A taxi driver is befriended by a medium who tells him that a spirit is trying to communicate with him. Who is this spirit and what does it want?
Horror comedies are the trend today but Pa Vijhay, making his directorial debut, has tried to gives us a horror film overloaded with sentiments. The plot is a very familiar one, of a 'good' ghost that wants to take revenge. As is the formula in these kinds of films, where we — like the hero — are expected to be scared of the spirit initially, the first half chugs along with ominous shots, forbidding music cues and jump scares. There is Vikram Chand, a rich man, who flees the country after he learns that he is the target of the ghost. The action then cuts to Saravanan (Pa Vijhay), an ordinary taxi driver, who is approached by Milovina (Avani Modi) and her father D'Souza (Joe Malloori), who are researching the paranormal. We get to spout some mystic mumbo jumbo (Sample: Ghosts will try to get in touch with the last person they laid their eyes on before their death).
And then, in the second half, we get the answer to the 'why?'. We find out how Vikram is responsible for the death of Anu, a student in his school, and the emotional trauma of her parents (Samuthirakani and Devayani). We are preached about how private schools are cash-grabbing, heartless institutions which do not care for the safety of their students (complete with examples of the Kumbakonam fire tragedy and the death of a schoolboy in the swimming pool among others). And after every amount of sentiment has been milked for, the film finally decides to show us how the villain gets his retribution (a bit about a butterfly is the only novelty here).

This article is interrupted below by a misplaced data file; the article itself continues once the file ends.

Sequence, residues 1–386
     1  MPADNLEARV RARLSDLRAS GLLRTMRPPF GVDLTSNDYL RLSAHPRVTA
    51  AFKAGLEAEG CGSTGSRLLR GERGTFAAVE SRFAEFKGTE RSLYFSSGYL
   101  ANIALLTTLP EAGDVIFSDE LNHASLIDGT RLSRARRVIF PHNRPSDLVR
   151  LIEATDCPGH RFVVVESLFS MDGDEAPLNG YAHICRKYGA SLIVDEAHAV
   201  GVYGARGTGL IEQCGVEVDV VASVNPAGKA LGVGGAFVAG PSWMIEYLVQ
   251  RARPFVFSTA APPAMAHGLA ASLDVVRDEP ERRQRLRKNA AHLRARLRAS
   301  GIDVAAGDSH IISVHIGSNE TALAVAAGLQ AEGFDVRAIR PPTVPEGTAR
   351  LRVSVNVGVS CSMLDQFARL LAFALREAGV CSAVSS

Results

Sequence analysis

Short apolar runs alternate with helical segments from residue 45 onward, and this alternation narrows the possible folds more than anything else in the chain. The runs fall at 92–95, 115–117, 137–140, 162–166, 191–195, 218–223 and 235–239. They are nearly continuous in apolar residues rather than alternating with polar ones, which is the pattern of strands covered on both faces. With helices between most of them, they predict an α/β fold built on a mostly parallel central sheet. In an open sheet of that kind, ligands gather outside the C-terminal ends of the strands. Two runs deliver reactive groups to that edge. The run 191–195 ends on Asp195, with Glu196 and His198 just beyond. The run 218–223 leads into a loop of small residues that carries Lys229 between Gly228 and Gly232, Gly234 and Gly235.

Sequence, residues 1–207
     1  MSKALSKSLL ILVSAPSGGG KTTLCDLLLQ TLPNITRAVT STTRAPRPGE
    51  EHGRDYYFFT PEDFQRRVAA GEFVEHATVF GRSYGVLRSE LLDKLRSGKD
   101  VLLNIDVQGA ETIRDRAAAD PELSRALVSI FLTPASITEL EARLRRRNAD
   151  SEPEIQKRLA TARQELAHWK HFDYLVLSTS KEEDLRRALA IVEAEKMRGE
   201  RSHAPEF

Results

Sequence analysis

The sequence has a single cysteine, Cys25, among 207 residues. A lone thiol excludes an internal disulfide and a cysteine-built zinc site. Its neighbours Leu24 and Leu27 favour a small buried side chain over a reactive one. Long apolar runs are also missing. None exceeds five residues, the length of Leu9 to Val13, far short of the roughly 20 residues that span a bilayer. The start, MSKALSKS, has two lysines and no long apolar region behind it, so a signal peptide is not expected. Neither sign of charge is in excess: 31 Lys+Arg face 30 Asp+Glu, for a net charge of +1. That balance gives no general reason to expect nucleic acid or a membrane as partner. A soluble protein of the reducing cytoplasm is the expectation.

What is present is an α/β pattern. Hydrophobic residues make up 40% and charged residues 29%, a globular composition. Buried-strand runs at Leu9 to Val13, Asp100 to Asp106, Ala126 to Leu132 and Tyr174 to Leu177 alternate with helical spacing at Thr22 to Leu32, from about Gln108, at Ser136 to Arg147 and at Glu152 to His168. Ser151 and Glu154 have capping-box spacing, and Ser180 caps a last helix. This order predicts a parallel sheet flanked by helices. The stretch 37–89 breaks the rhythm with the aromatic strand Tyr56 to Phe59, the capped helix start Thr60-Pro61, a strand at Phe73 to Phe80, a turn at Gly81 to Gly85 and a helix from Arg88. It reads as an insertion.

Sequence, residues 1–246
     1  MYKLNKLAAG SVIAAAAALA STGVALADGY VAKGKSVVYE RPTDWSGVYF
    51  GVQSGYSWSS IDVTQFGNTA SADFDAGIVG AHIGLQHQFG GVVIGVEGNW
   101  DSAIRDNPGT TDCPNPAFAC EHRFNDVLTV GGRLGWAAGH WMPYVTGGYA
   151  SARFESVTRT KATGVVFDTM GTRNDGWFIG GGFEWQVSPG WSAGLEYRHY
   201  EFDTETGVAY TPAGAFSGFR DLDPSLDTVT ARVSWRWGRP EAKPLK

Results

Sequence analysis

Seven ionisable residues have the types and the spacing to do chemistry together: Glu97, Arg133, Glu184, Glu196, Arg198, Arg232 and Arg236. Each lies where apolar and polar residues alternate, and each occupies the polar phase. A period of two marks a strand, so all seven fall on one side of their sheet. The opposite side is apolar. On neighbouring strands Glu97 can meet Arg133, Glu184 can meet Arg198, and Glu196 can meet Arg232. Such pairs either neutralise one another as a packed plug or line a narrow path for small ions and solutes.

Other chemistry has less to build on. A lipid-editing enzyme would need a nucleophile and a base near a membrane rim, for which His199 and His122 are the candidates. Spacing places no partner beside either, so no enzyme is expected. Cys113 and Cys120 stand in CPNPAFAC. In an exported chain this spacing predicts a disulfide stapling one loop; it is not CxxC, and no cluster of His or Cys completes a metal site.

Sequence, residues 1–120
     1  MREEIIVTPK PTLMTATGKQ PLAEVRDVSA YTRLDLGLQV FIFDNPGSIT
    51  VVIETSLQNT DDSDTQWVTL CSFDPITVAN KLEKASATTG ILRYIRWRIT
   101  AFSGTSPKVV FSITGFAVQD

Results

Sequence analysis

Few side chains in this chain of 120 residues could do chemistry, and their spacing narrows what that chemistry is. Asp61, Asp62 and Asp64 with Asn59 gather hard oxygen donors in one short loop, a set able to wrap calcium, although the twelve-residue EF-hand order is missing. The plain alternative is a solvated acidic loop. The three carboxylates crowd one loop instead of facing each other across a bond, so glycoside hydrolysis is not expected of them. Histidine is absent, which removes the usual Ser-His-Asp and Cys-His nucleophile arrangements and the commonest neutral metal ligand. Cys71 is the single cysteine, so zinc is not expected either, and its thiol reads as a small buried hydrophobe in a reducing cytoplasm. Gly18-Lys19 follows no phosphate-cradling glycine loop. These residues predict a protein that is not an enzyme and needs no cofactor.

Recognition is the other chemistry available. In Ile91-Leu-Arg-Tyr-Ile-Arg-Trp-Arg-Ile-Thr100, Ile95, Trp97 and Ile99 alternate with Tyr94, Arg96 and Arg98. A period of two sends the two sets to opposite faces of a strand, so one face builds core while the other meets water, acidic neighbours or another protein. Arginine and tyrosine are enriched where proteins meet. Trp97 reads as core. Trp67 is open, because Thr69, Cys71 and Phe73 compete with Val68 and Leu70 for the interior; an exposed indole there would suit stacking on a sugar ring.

Strawberry could have been mildly engaging if only it had released some five years ago. Given the amount of horror films that Tamil movie audiences have been exposed to during this period, the film feels utterly redundant. The filmmaking, too, isn't interesting, and depends on done-to-death cliches — moody skies, pouring rain, tacky visual effects and high-pitched music, supported by bland performances. Then, there are also unnecessary songs and comedy sequences (one involving Mayilsamy is plain irritating). The film tries to make up for all these deficiencies by taking the moral high ground and coming down hard on an easy target — the private educational institutions. The best thing one say about it is that there is a basic level of competence with which the whole thing has been put up and that gives us a reason to sit through the whole thing.